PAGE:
Finally, the facts are out for
I’ve been waiting for this release for a few years now. Prior to this
it has all been roumors and speculation.
First impressions: Very Mixed
The first things that struck me was how MS reinvented everything. A lot of
your exisitng experience for writing applications are totally wasted, at least if
you come from a web background. This is beacuse even though XAML is said to be an
XML language it does not support any other
W3C technology. No
CSS. XAML is just not using an
XML rendering engine as I first
hoped. It is just a serialization model for WinFX applications.
On the other hand I think the reason for not using the W3C DOM is that it
makes the object model XAML uses more friendly to WinForms programmers. The
object model is also type safe, which is a good thing This has however a
serious downside. You need to know 2 different APIs, one for the XML format and
one for the object model. Even if you know how the attribute works you may not
know how the property works. Below are 2 examples that shows examples of this.
<XAML> <Button ID="foo">Hello World</Button> foo.Content = "Changed"; </XAML> <XUL> <button id="foo" label="Hello World"/> document.getElementById("foo").setAttribute("label", "Changed"); </XUL>
<XAML> <Text FontSize="12pt" Background="White">Hello World</Text> el.FontSize = new FontSize(13, FontSizeType.Point); el.Background = Brushes.Red; </XAML> <XUL> <label label="Hello World" style="font-size: 12pt; background: white;"/> el.style.fontSize = "13pt"; el.style.background = "red"; </XUL>
A small comment here: XUL
has bugs preventing DOM Style to work but that does not change the scenario.
The main problem with XAML is that one cannot use W3C DOM. I don’t know why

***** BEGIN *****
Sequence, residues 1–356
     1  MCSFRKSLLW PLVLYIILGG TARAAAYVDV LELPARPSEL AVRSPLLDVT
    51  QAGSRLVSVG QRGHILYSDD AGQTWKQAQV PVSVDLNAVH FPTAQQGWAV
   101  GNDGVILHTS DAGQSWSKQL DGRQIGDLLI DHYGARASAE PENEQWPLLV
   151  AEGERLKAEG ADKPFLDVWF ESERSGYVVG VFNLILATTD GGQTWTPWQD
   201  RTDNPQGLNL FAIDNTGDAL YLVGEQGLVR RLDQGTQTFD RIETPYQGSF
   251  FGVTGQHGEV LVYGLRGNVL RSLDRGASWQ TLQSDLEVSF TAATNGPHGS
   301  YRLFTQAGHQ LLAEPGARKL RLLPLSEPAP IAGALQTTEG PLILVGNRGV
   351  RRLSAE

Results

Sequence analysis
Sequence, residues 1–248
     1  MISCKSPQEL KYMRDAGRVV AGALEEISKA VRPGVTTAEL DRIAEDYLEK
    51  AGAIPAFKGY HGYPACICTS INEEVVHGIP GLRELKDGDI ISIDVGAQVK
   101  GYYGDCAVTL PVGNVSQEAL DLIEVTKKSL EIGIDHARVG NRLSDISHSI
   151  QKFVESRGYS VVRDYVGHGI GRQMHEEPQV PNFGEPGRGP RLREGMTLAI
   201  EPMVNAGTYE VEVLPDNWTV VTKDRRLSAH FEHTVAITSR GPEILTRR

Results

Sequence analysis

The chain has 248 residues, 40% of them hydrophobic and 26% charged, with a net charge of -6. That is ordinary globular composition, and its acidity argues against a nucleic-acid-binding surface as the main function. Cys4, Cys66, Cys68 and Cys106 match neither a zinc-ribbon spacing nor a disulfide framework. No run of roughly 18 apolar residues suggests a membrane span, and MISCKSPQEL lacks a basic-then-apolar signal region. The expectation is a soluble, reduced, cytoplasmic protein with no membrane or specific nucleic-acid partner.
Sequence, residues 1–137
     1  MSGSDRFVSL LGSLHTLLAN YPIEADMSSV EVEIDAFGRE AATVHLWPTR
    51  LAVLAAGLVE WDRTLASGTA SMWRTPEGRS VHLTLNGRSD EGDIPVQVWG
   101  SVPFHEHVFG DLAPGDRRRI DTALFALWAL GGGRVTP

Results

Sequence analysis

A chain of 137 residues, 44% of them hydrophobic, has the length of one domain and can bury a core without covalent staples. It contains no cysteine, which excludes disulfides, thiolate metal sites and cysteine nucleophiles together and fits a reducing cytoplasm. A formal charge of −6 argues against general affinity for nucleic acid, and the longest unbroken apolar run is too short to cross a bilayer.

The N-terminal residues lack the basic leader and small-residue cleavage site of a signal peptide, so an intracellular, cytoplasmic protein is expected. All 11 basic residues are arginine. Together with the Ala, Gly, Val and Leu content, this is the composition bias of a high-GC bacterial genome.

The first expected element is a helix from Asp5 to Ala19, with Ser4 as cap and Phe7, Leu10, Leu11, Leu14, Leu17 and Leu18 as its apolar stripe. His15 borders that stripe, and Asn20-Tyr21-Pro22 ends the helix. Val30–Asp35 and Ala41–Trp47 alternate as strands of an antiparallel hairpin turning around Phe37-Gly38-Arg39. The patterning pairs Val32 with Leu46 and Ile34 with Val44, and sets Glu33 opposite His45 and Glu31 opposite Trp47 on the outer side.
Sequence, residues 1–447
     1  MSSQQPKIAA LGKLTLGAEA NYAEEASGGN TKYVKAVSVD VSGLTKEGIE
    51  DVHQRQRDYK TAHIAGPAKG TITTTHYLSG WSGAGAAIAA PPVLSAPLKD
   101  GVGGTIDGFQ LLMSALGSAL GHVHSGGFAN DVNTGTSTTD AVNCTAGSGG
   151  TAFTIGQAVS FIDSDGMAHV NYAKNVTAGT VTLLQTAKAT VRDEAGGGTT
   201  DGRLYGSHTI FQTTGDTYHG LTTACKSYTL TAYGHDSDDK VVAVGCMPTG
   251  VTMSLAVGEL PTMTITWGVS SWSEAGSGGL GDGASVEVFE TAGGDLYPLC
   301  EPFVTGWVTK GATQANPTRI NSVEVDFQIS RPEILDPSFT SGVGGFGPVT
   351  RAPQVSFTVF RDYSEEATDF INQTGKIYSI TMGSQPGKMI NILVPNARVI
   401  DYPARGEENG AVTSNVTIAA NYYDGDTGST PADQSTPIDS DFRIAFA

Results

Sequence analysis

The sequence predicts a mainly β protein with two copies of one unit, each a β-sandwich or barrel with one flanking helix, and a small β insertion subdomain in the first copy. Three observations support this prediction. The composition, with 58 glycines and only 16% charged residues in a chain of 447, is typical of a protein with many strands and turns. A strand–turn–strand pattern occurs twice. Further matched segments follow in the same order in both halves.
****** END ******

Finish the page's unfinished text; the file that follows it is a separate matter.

this decision was made. It can’t be hard because WinFX already knows how to do
the type conversions.
One thing that I do like about this is that it is tightly bound to the WinFX
API. An element directly maps to a class, in fact any class that has a
constructor without any arguments can be an element. All properties of the class
maps to a attributes of the element (how does the type conversion work?) and
finally all events also map to attributes. This model is way more conventient
and useful than both the XBL and behavior solution for extending the markup.
Another nice thing is that properties of the class can actually be declared
as child nodes of the element. This allows more complex attributes to be used.
<Button> Hello World <Button.Background> <LinearGradientBrush > <LinearGradientBrush.GradientStops> <GradientStopCollection> <GradientStop Color="Red" Offset="0" /> <GradientStop Color="Blue" Offset="0.25"/> <GradientStop Color="Orange" Offset="0.75"/> <GradientStop Color="Yellow" Offset="1"/> </GradientStopCollection> </LinearGradientBrush.GradientStops> </LinearGradientBrush> </Button.Background> </Button>
Finally I wanted to mention something called style. Styles are note like W3C
Stylesheets, one of the best technologies MS has been pushing (was pushing).
Styles are more like templates. The thing that I like about them in favor of CSS
is that any attribute can be set. The thing that I don’t like about them is the
C of CSS and that is that the do not really cascade and the selectors seems just
way too simple. Just give me the CSS3 selectors will yah?
<Style> <VerticalSlider Width="50%" Margin="25%,0,25%,0" Minimum="0" Maximum="255" SmallChange="1" LargeChange="16" DockPanel.Dock="Fill"/> </Style>
Just when I thought I was finished I realized one more thing. I wish they
will add the XUL box model to this as well. Although XAML seems fairly nice when
it comes to writing UIs that scale it seems that the XUL box model is more
consistent. I hope someone/they adds box, hbox, vbox (with flex and all the
other goodies) before the API is finalized.